Beck's Long Goodbye

Kelly Baker

On this past Thursday night, Glenn Beck said goodbye to Fox News and television sets, and hello to GBTV, his internet news channel. Here's a recap of the last show involving Jon Stewart, Hitler, and God. Over at Religion Dispatches, I editorialize about his departure, his legacy of history-making, and his brand of nationalism. Here's a glimpse:

Much of the coverage concludes that Beck is, at best, “bonkers.” Alex Pareene of, however, realizes that perhaps this is not “some sort of victory”; that leaving Fox is not the end of Beck, but rather that his legacy might not be as a talking head but as an amateur historian, the creator of Beck University, with a clear, and popular, articulation of nation. The tagline for BU promises, “learn history as it really happened” with David Barton responsible for courses labeled Faith 101, 102, and 103, in which students can (of course) learn about the faith of the Founding Fathers.

Beck’s mantle of telling history like it really “was” is packaged, glossy, and consumed. Yet this mantle, or even legacy, does not solely belong to him. The struggle to reclaim the nation, or “restore honor,” began long before he, the John Birch Society, Joseph McCarthy and the like joined it in the mid-twentieth century. Americans, from the Reconstruction Klan in the 1860s, the Know Nothings of the 1890s to the second Klan of the 1910s and 1920s, to home-grown Christian fascists of the 1930s, sought to protect a nation in peril from any perceived threat, be it Catholic, Jew, African American, or Communist.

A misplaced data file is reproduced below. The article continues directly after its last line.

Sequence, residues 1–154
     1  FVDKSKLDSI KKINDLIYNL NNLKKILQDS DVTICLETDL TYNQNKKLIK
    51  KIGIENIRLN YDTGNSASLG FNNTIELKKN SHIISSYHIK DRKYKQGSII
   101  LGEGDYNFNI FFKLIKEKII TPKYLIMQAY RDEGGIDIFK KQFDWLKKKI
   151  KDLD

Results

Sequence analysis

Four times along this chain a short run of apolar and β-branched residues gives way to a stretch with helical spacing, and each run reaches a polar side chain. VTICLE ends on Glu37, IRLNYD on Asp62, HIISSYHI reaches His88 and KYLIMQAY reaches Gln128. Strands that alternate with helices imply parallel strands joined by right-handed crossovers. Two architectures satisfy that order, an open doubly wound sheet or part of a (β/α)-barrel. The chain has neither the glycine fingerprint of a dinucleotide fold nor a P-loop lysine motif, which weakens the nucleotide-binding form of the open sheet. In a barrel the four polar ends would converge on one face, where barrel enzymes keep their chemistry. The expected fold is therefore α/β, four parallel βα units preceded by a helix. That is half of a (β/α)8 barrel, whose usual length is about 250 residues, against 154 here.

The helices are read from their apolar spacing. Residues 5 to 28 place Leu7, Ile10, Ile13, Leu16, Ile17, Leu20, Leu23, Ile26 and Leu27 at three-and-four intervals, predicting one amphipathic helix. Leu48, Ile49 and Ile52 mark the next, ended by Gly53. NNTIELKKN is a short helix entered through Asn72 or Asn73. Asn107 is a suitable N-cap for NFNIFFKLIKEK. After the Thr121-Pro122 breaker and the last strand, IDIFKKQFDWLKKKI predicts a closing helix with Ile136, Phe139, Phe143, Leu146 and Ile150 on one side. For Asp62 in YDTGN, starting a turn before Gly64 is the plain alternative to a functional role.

Brad Hart said…
Hasta la vista, Glenn. Thanks for all the crazy!
Tom Van Dyke said…
Kelly---and Brad---I enjoy your writing. This post has troubled me for days now. It must be said that Glenn Beck's big national prayer meeting was non-sectarian, and it went so goddam well that the anti-religious left and smirking class couldn't lay a glove on it or him.

It fit in solidly with genuine American pluralism---all sects, all races welcomed and embraced.

I can't see how it's fair to associate him in any way---anywhere in the same paragraph or even essay---with the KKK of the 1920s.

Red-baiting, well, that would be a fair criticism, but it's a different bag of beans.

Mostly, I hope we've heard the end of Beck as political football; he's entitled to his opinion. I have never been pro- but have almost always found the con- unfair. And that's what bugs me.

He's not KKK or remotely comparable. The man is even chill with gay marriage but can't take his family to the park without somebody getting in his face.

With all due respect, I think the shoe is on the wrong foot here.